Nine years ago at this very moment I was whacked out of my skull on demerol. Not just for kicks, mind you, but because I was birthing a baby. It took 17 hours before my 8 lbs, 13 ounces baby made his debut. 7 lbs of that was head, by the way.
I was five hours into labour (or maybe it was 45 minutes, or 3 seconds -- I don't know. I was on DRUGS!) when I had an epidural. "The nurses think you might need one," said my kind, but far too polite doctor. I agreed, because I could tell that my screaming/mooing whilst vomiting routine had long since lost it's appeal for the nursing staff.
The anesthesiologist arrived, and I was handed a clip board with a consent form. I picked up the pen and looked at the paper for almost a minute.
"Honey, you need to sign right there," Mr Wrath, assuming I had fallen into a drug-induced, moo-filled coma, pointed to the bottom of the page.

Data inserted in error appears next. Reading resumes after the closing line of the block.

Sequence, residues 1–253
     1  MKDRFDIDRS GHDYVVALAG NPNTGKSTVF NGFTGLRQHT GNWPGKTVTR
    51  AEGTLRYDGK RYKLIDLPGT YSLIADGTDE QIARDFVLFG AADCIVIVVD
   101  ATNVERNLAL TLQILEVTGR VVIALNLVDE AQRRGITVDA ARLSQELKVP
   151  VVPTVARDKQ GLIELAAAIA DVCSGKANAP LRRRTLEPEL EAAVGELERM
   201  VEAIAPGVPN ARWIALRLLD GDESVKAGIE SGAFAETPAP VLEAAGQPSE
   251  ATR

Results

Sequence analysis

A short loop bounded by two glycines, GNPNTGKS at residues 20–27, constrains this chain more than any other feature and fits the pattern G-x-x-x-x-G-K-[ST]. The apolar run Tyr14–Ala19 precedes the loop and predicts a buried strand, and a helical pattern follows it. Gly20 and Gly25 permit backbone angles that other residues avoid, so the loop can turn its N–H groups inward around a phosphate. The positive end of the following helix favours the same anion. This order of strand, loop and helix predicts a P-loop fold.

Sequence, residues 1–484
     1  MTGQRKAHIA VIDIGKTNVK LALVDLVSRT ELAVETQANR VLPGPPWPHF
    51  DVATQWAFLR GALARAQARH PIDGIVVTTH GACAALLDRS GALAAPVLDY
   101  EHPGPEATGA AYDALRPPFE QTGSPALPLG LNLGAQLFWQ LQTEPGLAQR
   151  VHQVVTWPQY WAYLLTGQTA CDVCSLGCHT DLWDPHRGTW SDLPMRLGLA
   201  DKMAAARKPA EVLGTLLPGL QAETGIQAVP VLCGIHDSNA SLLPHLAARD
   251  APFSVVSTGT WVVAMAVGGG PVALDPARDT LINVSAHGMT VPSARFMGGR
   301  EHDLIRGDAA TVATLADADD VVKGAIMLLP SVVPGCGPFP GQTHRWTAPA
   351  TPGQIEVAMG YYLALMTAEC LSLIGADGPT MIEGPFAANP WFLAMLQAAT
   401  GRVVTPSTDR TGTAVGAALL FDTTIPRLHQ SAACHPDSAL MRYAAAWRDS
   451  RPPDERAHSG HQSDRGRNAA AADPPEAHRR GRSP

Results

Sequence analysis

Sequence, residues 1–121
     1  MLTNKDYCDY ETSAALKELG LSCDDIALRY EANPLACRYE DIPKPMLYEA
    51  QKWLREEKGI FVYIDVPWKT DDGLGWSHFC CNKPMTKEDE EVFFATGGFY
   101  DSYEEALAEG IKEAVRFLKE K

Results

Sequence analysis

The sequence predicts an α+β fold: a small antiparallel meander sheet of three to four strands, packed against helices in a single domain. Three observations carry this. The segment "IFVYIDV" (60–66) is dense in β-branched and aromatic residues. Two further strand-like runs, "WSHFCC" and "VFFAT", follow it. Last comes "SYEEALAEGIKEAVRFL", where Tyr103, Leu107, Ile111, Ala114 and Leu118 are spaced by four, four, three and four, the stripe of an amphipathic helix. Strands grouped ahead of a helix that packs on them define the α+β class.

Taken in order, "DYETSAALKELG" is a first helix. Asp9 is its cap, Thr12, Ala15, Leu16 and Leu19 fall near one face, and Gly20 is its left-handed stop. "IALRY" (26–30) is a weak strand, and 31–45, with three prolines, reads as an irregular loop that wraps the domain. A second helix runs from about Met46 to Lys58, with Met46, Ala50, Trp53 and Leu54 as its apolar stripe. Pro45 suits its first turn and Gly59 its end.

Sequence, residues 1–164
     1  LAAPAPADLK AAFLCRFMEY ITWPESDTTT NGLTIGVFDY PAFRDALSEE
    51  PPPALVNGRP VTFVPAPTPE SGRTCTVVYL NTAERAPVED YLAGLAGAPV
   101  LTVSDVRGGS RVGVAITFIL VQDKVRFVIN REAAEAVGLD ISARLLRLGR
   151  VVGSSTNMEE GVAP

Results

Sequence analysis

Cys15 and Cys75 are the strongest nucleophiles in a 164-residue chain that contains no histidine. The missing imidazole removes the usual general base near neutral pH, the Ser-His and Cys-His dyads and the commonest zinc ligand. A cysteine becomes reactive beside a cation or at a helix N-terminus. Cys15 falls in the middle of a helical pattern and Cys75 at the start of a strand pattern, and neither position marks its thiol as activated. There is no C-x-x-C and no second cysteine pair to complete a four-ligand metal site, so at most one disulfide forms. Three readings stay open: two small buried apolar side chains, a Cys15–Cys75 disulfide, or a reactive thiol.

I snarled at his patronizing tone, "I know. It's a legal document, I'm not going to sign it without reading it first."
My doctor said, "Don't bother. You're under the influence of narcotics so the damn thing wouldn't hold up in a court of law."
"Bring it on!" I put pen to paper, while the anesthesiologist went white at the prospect of a future malpractice suit.
My husband's favourite story of this day is how the baby (born with the umbilical cord wrapped around his neck) was immediately shuffled across the birthing suit to the french-fry warmer (I'm pretty sure this isn't the real name for this piece of equipment) and an oxygen mask was placed over his mouth. It took the doctor a few seconds to realize the oxygen tank wasn't opened and then with a flick of the switch our baby went from blue to pink, from quiet to screaming. I remember none of this because I had zoned out. The demerol had long since worn off, replaced by sheer exhaustion.
Fast forward 9 years. Turns out that big head was filled with big brains. He's a verbose, science-loving, Trekkie-in-training, imaginative, highly-competitive, speedskating, padawan learner. He's celebrating with Ben-10 toys, and lego and a Guinness-chocolate cake that his daddy made: